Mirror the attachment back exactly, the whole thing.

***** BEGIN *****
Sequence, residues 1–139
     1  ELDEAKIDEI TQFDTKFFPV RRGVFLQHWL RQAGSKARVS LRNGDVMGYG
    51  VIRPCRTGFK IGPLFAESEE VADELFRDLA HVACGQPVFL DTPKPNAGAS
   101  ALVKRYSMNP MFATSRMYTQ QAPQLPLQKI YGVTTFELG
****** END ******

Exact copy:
Sequence, residues 1–139
     1  ELDEAKIDEI TQFDTKFFPV RRGVFLQHWL RQAGSKARVS LRNGDVMGYG
    51  VIRPCRTGFK IGPLFAESEE VADELFRDLA HVACGQPVFL DTPKPNAGAS
   101  ALVKRYSMNP MFATSRMYTQ QAPQLPLQKI YGVTTFELG